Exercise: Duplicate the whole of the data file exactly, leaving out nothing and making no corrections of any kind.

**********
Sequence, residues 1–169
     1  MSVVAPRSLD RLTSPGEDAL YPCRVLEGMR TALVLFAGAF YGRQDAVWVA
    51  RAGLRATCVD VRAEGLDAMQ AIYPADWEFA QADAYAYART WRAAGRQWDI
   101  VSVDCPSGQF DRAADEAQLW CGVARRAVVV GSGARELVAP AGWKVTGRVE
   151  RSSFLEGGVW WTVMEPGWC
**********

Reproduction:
Sequence, residues 1–169
     1  MSVVAPRSLD RLTSPGEDAL YPCRVLEGMR TALVLFAGAF YGRQDAVWVA
    51  RAGLRATCVD VRAEGLDAMQ AIYPADWEFA QADAYAYART WRAAGRQWDI
   101  VSVDCPSGQF DRAADEAQLW CGVARRAVVV GSGARELVAP AGWKVTGRVE
   151  RSSFLEGGVW WTVMEPGWC